But the context in which he made them is equally worthy of attention.
Toffler’s thesis notwithstanding, change – and even its rapidity – are not wholly new. The Industrial Revolution and its offshoots have been altering the world almost continually over the past two centuries. Even as we in our day pride ourselves on being the “science” people, we are merely nurturing a fond notion our forefathers too cherished. Each gene as they are in the ration in the recent past has been united by its illusion that it alone, ever more than its predecessors, is privy to the scientific outlook. It is sobering to note that belief in the gods of science and technology has been with us far longer than our own lifetimes: indeed, they were as much watchwords in the first decades of the twentieth century as they are in the twenty-first.
While Gandhi was writing Hindi Swaraj, Europe was thrilling to the sounds of the airplane and the automobile. The telephone and the telegraph were already several decades old. The electric light was spreading into the streets, replacing gas lamps. A Wi-Fi connection on a plane may be a big deal to us today, but can we declare it was any less exciting suddenly to be able to cross the ocean in a few hours or light up entire cities at dusk?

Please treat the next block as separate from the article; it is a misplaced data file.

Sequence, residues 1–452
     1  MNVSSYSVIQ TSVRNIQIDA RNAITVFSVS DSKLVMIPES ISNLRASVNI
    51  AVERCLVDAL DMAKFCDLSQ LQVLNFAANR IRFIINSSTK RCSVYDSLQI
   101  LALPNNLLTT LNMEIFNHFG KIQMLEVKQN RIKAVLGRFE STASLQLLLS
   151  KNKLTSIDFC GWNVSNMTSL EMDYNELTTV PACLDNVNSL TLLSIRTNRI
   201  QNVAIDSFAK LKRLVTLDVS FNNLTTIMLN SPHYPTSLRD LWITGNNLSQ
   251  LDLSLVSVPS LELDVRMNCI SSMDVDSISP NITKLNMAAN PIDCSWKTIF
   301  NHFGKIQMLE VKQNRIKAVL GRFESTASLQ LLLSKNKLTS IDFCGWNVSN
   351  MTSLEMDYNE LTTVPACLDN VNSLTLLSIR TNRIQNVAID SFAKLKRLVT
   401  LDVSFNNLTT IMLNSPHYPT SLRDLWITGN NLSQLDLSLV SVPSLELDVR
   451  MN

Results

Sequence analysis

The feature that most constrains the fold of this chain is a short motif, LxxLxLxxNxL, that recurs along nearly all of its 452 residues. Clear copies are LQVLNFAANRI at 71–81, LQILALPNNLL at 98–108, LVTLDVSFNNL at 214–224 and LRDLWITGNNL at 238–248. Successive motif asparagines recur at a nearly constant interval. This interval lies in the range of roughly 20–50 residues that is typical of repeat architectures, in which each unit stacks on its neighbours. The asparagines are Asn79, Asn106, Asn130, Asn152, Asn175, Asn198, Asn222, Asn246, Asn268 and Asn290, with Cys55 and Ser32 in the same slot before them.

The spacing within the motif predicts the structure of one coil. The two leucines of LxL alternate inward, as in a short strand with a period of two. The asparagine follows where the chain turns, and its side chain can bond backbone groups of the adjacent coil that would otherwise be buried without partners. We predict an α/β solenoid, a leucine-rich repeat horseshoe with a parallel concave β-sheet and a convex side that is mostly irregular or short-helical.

If anything, the early twentieth century was a time of singular hope and belief in technology. The flaws and ill-effects of industrial progress were less manifest, and it was the chassis upon which the juggernaut of Western civilisation rested as it hurtled to the far ends of the earth. Hillaire Belloc captured this central truth in its crassest form:
We have got
The Maxim Gun
And they have not.
For all the arguments for Western civilisation and its claims of moral, political, and cultural ascendancy over the colonial world, the most essential element of superiority lay in science, with military might its clearest exposition.
But even this was only the tip of the iceberg. Along with the science and the guns came an industrial organisation and an incipient management and communication culture that combined to achieve a magical efficiency that “lesser breeds” of the planet could only behold in awe. India and China might hark back to their ancient monuments or keep pointing to their inventions of zero and gunpowder, but everyone at the start of the twentieth century – in East and West – knew in their hearts where the future lay.
Thus, in 1909 the Western civilisation was the unquestioned beacon of the world. We must recall that this was before Europe had blown itself to smithereens in a four-year orgy that would start shortly. If the European powers came out of that holocaust with all their colonies intact, albeit in different hands, one can only imagine the feeling prior to this exhaustion. The writing on the wall was clear: the European path was the way of the future, against which any cultural struggle would be futile, if not imbecilic.